- Sweepstakes profoundly impact survey data: While experimenting with sweepstakes for an e-commerce giant, we discovered that it improved the NPS by 10 points. Customers’ perceptions might have been that promoters are more likely to win the sweepstakes, even though it is explicitly mentioned they will not.
- Surveys don’t help in measuring the issue’s impact: With survey results, we can see that those late deliveries cause a low NPS score or customer satisfaction rating. However, surveys don’t allow us to calculate the impact of late delivery on revenue, churn, or purchase frequency. This inability to link feedback to sales leads to an uphill battle for VoC teams to persuade the rest of the organization to act.
- To have a holistic, predictive, and precise customer experience program tied to business outcomes, VoC teams need more than just surveys. They need signals.
Signals: The future of VoC
Signals are observed feedback from following a customer’s journey through an array of captured data elements across transactional, behavioral, and operational systems. For example, let’s say a customer spends more than a few seconds on the payment confirmation page and then clicks to the support page. This behavior gives ‘signals’ that there might be a brewing problem. Just by following a customer’s digital behavior through site analytics, a potential problem can be observed and pre-empted.
Tying experience to the customer
Organizations must begin by integrating various data sources with common customer identification to track all aspects of the journey. They should consider signals across multiple customer touchpoints and build predictive intelligence on experience drivers across channels such as websites, UX studies, panel surveys, calls, audios, videos, images, etc.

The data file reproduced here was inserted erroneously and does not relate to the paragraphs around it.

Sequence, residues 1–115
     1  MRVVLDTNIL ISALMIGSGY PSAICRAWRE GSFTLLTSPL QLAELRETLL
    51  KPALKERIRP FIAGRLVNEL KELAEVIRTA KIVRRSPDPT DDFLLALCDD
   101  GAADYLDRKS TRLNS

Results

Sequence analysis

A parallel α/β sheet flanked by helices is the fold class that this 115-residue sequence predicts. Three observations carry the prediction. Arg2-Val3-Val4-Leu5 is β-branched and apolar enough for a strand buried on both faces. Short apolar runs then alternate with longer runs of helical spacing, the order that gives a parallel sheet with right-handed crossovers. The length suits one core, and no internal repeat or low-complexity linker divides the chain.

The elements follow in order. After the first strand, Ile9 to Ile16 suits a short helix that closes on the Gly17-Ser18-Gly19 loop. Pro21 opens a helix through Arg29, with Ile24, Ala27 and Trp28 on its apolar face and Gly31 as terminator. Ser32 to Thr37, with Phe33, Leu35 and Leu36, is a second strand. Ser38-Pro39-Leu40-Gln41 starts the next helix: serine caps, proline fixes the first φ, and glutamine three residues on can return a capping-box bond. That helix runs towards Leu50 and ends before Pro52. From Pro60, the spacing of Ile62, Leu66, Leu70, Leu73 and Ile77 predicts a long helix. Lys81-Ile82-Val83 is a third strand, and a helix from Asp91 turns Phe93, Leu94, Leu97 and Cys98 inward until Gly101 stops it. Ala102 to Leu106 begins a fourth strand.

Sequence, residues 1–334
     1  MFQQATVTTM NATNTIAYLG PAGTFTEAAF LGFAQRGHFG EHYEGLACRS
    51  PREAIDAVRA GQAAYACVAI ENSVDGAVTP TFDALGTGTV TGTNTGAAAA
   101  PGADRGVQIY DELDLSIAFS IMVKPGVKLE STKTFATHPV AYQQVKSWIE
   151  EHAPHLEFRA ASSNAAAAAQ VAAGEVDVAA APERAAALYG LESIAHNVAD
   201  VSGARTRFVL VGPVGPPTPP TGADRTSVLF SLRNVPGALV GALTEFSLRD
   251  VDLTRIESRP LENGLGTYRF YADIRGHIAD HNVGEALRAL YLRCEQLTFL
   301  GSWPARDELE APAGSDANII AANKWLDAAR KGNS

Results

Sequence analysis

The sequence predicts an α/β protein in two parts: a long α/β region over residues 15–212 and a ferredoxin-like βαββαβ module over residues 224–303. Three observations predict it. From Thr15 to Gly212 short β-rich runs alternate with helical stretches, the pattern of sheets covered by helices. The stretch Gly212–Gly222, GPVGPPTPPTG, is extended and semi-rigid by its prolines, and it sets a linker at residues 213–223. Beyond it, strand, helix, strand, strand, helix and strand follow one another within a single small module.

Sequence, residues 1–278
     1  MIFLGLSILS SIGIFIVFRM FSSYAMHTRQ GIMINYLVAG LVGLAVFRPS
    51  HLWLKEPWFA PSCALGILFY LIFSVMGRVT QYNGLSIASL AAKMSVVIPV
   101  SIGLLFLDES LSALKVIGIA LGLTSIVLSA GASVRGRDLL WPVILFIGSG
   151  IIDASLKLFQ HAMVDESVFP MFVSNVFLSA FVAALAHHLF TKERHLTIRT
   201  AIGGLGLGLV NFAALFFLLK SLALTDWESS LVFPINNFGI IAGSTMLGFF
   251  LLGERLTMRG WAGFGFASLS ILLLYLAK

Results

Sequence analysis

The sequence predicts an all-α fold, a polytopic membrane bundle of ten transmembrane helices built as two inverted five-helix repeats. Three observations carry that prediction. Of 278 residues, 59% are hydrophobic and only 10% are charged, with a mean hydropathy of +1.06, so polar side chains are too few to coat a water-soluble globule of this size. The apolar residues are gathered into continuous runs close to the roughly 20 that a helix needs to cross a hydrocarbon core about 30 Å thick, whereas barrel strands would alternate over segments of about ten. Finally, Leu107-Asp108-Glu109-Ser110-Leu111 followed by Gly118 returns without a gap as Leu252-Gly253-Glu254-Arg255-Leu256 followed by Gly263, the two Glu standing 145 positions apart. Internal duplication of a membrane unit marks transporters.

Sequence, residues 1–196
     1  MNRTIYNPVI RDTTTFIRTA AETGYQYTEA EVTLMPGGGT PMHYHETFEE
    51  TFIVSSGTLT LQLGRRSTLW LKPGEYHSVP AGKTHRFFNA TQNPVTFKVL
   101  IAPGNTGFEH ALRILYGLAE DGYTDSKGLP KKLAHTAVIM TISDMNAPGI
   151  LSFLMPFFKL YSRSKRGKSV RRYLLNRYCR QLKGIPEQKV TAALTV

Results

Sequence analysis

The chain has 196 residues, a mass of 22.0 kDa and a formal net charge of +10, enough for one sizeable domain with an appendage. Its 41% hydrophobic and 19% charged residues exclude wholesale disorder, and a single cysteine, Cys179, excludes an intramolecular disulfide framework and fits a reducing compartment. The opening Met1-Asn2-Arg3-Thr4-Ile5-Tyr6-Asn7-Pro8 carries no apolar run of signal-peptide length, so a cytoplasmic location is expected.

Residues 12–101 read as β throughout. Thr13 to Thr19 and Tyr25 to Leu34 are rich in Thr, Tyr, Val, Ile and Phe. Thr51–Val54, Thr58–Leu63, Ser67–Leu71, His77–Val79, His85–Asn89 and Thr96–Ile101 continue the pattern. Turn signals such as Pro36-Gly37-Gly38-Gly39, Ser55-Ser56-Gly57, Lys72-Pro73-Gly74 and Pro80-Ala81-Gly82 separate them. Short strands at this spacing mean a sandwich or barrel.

Contextualizing signals, eliminating noise
Not all observations qualify as signals, most are just noise. In such cases, feedback from customer surveys, support centers, chatbots, etc., comes in handy. Contextualizing the feedback effectively into structured insights using advanced AI/ML modules. And then, use behavior and operation data of responders to identify signals within the journey that can help preempt the contextualized customer feedback.
Also, not all feedback can be translated into signals. For example, there’s no signal to preempt a customer complaint about store cleanliness, but you can capture signals for double payments/declined payments etc. As more organizations double down on their digital front door, having embedded signals make up for a missing store manager.